Top of page The adults of this species differ from all other species of Anastrepha by the narrow, dark brown dorsocentral vittae on the scutum and from most by its very large size. The female is further distinguished by the unusually long ovipositor and stiletto-like shape of the aculeus tip, which has two V-shaped ridges, one dorsally and one ventrally. A. grandis also differs from most other species of Anastrepha in having rather diffuse markings with a complete S-band that is broadly fused to the C-band along the costa, so that there is no hyaline area in cell r1 distal to the apex of vein R1. It differs from the other species with this type of wing pattern except Anastrephashannoni in having cell r2+3 entirely infuscated, and from A. shannoni in having a hyaline area in cell br, the abdomen without red-brown lateral areas, and in terminalia length (Norrbom, 1991). The third-stage larva differs from those of all other species of Anastrepha described to date by the number of tubules of the anterior spiracle, 28-37 in A. grandis, no more than 23 in the other species (Steck and Wharton, 1988; Steck et al., 1990).

Prevention and Control

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Little has been published on control methods for this species. Malavasi et al. (1990) discussed trapping methods and attractants.

References

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Aguiar-Menezes EL; Menezes EB, 2000. Moscas-das-frutas nos estados brasileiros. Rio de Janeiro. In: Malavasi A, Zucchi RA, eds. Moscas-das-frutas de importância econômica no Brasil. Conhecimento básico e aplicado. Riber¦o Preto, Brazil: Holos, 259-263.

Anon., 2000. http://www.sel.barc.usda.gov/Diptera/tephriti/Anastrep/grandis.htm.

Bezzi M, 1909. Le specie dei generi Ceratitis, Anastrepha e Dacus. Bol. R. Scuola Super. d'Agr., Lab. Zool. Gen. e Agr. Portici, 3:273-313.

Bezzi M, 1919a. Una nuova specie brasiliana del genere Anastrepha (Dipt.). Bol. R. Scuola Super. d'Agr., Lab. Zool. Gen. e Agr. Portici, 13:3-14.

Bezzi M, 1919b. Descoberta de uma nova mosca das fructas no Brazil. Chacaras e Quintaes, 373-374.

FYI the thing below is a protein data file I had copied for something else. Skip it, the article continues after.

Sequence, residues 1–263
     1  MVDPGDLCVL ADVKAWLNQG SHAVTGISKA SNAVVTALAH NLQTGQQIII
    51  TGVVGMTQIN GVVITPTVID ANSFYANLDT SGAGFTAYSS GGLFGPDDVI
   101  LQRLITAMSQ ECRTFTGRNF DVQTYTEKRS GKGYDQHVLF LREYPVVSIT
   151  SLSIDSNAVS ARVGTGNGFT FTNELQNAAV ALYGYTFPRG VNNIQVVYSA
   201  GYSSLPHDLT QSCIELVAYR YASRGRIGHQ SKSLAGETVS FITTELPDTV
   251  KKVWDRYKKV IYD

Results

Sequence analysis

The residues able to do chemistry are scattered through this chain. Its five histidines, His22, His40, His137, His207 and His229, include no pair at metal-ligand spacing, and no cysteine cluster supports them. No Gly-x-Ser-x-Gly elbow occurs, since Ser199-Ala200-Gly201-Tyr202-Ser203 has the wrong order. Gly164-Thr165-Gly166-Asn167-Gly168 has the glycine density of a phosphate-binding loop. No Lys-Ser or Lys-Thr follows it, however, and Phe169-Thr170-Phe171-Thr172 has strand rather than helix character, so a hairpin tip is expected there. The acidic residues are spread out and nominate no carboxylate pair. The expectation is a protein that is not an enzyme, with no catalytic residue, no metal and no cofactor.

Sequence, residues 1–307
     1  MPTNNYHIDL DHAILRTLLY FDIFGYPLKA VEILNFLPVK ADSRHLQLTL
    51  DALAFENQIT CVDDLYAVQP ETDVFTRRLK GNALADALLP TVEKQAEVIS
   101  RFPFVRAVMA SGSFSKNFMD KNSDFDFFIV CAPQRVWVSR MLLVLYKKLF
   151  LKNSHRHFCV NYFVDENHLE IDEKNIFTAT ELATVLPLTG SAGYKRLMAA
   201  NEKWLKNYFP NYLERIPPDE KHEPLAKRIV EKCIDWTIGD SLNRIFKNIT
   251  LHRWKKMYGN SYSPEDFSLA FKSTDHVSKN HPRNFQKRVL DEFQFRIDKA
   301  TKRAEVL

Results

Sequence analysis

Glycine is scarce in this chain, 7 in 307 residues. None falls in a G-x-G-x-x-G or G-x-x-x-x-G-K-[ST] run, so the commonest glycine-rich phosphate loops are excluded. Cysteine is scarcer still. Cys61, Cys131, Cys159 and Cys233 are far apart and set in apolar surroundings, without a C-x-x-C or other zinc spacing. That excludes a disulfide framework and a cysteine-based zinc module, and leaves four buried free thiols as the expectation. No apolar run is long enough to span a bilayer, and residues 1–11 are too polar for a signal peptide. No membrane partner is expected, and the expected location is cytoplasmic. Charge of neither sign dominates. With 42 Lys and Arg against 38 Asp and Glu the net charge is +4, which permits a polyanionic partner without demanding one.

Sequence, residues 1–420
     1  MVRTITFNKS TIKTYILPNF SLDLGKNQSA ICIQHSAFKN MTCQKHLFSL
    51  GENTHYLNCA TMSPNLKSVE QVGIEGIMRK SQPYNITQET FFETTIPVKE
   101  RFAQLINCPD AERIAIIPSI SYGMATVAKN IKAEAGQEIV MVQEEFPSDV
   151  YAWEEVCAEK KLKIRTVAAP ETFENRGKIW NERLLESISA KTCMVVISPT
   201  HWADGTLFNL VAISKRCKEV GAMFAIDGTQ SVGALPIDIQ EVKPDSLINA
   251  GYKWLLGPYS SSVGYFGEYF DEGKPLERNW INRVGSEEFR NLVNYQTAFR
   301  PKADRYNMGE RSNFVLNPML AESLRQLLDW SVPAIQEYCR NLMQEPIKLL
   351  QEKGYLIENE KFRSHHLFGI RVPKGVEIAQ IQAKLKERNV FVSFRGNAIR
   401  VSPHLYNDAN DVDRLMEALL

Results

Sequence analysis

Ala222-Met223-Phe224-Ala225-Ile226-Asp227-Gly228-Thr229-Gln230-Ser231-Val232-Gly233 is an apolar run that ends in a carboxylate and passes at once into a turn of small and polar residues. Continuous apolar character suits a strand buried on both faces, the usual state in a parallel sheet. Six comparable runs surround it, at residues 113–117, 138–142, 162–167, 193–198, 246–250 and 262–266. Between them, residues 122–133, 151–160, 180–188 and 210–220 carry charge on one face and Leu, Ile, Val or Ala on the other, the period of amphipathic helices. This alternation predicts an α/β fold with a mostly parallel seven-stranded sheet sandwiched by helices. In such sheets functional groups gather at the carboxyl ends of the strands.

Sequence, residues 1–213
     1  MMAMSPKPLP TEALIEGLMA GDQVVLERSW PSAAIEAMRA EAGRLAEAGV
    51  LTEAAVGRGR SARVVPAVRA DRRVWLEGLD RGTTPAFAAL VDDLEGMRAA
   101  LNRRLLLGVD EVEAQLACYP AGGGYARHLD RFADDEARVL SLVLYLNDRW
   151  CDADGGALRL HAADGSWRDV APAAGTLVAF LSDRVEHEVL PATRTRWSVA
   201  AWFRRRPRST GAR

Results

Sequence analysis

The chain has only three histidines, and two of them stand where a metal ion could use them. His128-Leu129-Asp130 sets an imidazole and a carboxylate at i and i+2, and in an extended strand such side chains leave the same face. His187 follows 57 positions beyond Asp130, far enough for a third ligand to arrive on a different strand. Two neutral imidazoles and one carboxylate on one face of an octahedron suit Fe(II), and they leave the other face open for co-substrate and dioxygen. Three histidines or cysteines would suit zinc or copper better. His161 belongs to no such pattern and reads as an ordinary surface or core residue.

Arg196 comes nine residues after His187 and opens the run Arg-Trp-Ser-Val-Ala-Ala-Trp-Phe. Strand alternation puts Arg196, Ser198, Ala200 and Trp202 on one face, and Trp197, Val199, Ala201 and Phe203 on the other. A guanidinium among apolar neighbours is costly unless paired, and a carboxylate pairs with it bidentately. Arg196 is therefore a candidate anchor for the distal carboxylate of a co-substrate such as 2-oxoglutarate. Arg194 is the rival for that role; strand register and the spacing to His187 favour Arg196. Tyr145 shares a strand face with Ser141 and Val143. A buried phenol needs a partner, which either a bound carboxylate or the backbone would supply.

Blanchard EE, 1937. Dipteros argentinos nuevos o poco conocidos. Rev. Soc. Entomol. Argentina, 9:35-58.

Blanchard EE, 1961. Especies argentinas de género Anastrepha Schiner (sens. lat.) (Diptera, Trypetidae). Revista de Investigaciones Agricolas (Buenos Aires), 15:281-342.

Bondar G, 1950. Moscas de frutas na Bahia. Bol. do Campo, 34:13-15.

Boscán de Martfnez N; Dedordy JR; Requena JR, 1980. Estado actual de la distribucion geografica y hospederas de Anastrepha spp. (Diptera - Trypetidae) en Venezuela. Agron. Trop., 30:55-63.

CABI/EPPO, 2001. Anastrepha grandis. Distribution Maps of Plant Pests, Map No. 617. Wallingford, UK: CAB International.

Caraballo de Valdivieso J, 1981. Las moscas de frutas del genero Anastrepha Schiner, 1868 (Diptera: Tephritidae) de Venezuela. MS thesis. Maracay, Venezuela: Universidad Central de Venezuela.

Carroll LE; Norrbom AL; Dallwitz MJ; Thompson FC, 2004. Pest fruit flies of the world - larvae. http://delta-intkey

Castañeda Mdel R; Osorio F A; Canal NA; Galeano PÉ, 2010. Species, distribution and hosts of the genus Anastrepha Schiner in the Department of Tolima, Colombia. (Especies, distribución y hospederos del género Anastrepha Schiner en el Departamento del Tolima, Colombia.) Agronomía Colombiana, 28(2):265-271. http://www.scielo.org.co/pdf/agc/v28n2/v28n2a16.pdf

EPPO, 2014. PQR database. Paris, France: European and Mediterranean Plant Protection Organization. http://www.eppo.int/DATABASES/pqr/pqr.htm

Fernandez Yepez F, 1953. Contribucion al estudio de las moscas de las frutas del genero Anastrepha Schiner (Diptera: Trypetidae) de Venezuela. II Congreso de Ciencias Naturales y Afines (Caracas) Cuaderno no. 7, 1-42.

Fischer CR, 1932. Nota taxonomica e biologica sobre Anastrepha grandis Macq. (Dipt., Trypetidae). Rev. Entomol. (S¦o Paulo), 2:302-310.

Fischer CR, 1934. Variat¦o das cerdas frontaes e outras motas sobre duas especies de Anastrepha Dipt. Trypetidae). Rev. Entomol. (S¦o Paulo), 4:18-22.

Garcia FRM; Corseuil E, 1998. Análise faunfstica de moscas-das-frutas (Diptera, Tephritidae) em pomares de pessegueiro em Porto Alegre, Rio Grande do Sul. Rev. Bras. Zool., 15:1111-1117.

Gontalves CR, 1938. As moscas de fruitas e seu combate. Experiencias e estudos realisados em 1936. Publ. Min. Agric., Dep. Nac. Prod. Veg., Serv. Def. Sanit. Veg. (Rio J.) No. 12, 1-43.

Greene CT, 1934. A revision of the genus Anastrepha based on a study of the wings and on the length of the ovipositor sheath (Diptera: Trypetidae). Proc. Entomol. Soc. Wash., 36:127-179.

Harper JD, 1987. Final report to ASOFRUT on the Anastrepha grandis project on honey dew in western Ecuador. Unpublished.

Hendel F, 1914a. Analytische Ubersicht über die Anastrepha-Arten (Dipt.). Wien Entomol. Z., 33:66-70.

Hendel F, 1914b. Die Bohrfliegen Südamerikas. K. Zool. Anthrop.-Ethnogr. Mus. Abhandl. Ber. (1912), 14:1-84.

Hering EM, 1935. Neue südamerikanische Bohrfliegen aus dem Stettiner Museum. (9. Beitrag zur Kenntnis der Trypetidae.) (Dipt.). Stettin. Entomol. Ztg., 96:225-229.

Korytkowski C; Ojeda Pe±a D, 1968. Especies del genero Anastrepha Schiner 1868 en el nor-oeste peruano. Rev. Peru. Entomol., 11:32-70.

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26/02/2008 Updated by:

Allen Norrbom, Systematic Entomology Laboratory, USDA, c/o National Museum of Natural History, MRC 168, PO Box 37012, Washington, DC 20013-7012, USA